Tonight's post on judges, juries and custody of children is written
by our Marietta custody, Darrin Keaton.
It seems only right at the start of the New Year to announce a personal
resolution that relates to what we do here at The Manely Firm, PC. We
are a Family Law firm and we take that very seriously.
In many of our cases, custody of children and parenting time schedules
are the primary (and sometimes sole) issues. The house is gone, the stuff
has been divided and the debts/assets are distributed. With no resolution
on custody, a trial is inevitable. The custody outcome depends on one
person...the Judge. If there is one complaint from clients and attorneys
alike that rises above all others, it is the inconsistency, and often
times arbitrariness, of custody decisions among the hundreds of Georgia's
Superior Court and Juvenile Court Judges.
The law doesn't guide judges much beyond the nebulous and vague "best
interests of the child" standard. Sadly, there can be no definition
of "best interest" and judges are left on their own in those
decisions. Much like Justice Potter Stewart's legendary quote in his
1964 Jacobellis v. Ohio concurring opinion regarding obscenity, Georgia
Judges will have to 'know it when they see it" when it comes
to the best interests of children.
But should we lay that on just one person, even if it is the Judge? I say
no. If a custody trial becomes necessary, the people of Georgia should
have access to a jury trial to allow a jury of their peers to come to
a more reasoned and consensus opinion on children's best interests.
Few realize that people involved in a divorce can have a jury of twelve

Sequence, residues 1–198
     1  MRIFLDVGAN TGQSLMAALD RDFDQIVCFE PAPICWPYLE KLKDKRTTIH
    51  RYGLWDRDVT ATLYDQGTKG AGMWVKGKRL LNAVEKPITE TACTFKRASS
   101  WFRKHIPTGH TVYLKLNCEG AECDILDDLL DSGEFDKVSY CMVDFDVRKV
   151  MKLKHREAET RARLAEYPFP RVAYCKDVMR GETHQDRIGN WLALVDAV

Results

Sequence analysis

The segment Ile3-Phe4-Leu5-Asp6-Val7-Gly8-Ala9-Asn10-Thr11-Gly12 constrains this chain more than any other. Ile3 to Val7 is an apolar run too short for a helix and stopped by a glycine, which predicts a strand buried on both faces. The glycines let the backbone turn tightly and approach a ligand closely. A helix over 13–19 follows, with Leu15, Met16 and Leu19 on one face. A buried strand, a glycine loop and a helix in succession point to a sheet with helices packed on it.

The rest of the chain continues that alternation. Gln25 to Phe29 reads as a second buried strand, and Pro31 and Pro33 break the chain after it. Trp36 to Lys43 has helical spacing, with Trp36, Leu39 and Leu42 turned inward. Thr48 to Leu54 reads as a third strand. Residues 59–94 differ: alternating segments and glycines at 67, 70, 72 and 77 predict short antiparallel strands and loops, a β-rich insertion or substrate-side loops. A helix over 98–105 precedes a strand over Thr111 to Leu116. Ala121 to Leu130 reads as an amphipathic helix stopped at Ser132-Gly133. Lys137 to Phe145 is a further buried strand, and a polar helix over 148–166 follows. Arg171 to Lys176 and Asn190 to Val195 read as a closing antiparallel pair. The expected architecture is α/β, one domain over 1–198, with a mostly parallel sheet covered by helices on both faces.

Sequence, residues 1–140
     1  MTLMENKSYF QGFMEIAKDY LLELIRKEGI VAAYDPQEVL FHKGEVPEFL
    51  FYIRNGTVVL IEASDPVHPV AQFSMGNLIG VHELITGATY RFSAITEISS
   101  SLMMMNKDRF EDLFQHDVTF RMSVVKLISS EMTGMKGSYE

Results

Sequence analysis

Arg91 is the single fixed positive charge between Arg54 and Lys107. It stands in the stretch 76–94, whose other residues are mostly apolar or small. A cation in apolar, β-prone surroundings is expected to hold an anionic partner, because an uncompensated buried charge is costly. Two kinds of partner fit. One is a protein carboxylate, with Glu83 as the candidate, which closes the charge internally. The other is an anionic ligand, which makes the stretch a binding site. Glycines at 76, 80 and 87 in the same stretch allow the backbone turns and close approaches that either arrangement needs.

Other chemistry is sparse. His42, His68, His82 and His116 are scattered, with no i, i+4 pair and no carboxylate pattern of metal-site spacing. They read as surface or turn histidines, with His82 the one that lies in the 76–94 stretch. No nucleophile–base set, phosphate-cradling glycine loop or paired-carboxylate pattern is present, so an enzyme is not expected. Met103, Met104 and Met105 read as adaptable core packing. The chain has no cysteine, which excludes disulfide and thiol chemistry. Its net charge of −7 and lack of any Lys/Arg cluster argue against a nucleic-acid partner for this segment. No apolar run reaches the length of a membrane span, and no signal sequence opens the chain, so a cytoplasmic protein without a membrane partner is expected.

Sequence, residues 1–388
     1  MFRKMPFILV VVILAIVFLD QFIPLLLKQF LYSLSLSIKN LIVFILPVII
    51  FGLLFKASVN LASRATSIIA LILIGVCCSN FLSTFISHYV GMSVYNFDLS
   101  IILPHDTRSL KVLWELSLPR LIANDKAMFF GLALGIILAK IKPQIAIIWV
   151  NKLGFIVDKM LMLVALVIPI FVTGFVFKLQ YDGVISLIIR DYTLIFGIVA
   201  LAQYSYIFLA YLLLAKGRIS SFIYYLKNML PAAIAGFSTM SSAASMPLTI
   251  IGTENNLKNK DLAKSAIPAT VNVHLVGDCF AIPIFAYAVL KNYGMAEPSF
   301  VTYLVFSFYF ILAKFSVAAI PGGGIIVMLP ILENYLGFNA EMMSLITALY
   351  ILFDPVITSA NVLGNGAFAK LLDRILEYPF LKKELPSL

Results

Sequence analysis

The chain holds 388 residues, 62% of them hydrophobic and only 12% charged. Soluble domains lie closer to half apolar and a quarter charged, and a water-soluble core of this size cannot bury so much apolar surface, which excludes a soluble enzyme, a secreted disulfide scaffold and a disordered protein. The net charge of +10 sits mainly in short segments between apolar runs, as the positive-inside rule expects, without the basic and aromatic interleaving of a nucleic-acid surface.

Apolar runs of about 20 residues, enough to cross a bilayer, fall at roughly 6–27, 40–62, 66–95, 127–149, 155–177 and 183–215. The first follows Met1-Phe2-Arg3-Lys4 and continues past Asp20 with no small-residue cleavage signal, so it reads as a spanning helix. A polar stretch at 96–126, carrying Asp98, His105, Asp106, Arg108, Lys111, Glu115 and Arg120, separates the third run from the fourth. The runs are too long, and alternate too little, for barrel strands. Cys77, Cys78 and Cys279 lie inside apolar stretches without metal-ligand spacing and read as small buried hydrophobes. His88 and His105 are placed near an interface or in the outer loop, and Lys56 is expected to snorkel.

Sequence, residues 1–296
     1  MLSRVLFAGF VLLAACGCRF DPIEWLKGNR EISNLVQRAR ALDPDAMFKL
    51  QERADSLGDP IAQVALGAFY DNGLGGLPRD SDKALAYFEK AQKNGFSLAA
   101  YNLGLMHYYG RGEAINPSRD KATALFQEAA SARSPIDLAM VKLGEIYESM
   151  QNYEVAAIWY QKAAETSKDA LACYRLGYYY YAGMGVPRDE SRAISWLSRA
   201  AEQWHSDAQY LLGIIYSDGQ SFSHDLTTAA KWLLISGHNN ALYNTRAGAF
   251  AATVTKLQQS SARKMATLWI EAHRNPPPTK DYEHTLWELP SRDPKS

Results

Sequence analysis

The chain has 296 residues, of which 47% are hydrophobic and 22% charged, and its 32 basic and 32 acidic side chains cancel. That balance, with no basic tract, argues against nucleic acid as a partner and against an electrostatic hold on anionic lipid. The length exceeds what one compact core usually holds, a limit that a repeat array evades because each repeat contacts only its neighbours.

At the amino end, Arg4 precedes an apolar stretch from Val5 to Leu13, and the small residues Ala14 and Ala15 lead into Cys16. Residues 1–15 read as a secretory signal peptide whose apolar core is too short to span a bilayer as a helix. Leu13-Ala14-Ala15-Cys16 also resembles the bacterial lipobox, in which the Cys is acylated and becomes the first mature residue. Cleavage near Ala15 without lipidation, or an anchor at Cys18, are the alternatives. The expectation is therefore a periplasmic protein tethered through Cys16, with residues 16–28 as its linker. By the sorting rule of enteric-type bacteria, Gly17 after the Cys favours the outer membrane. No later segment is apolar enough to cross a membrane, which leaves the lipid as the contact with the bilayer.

people decide who gets the microwave and the lawn furniture all the way
up to millions of dollars in assets, but a jury is not allowed to determine
what is best for the children. Judges, other than being attorneys, have
no special qualifications as therapists, psychologists or family experts.
If twelve people (who also have no special family expert qualifications,
like the judge) can be trusted with everything else, why not the children.
I am of the firm (and controversial) opinion that twelve heads are better
than one when deciding what is best for kids if the parties cannot decide
I believe a jury will be reasonable and just, with proper instruction from
the Court, and can certainly do no worse than individual judges. Perhaps
in some honest moments, many judges would welcome the assistance of twelve
jurors in deciding the custodial fate of children.
A jury has the power to render fair and impartial verdicts that can take
a person's property, their liberty and even their life with the death
penalty. Why is it such a stretch to think these very same juries could
render fair and impartial verdicts on
child custody matters?
For 2014, I resolve to promote and pursue that very idea because sometimes
twelve heads ARE better than one.
W. Darrin Keaton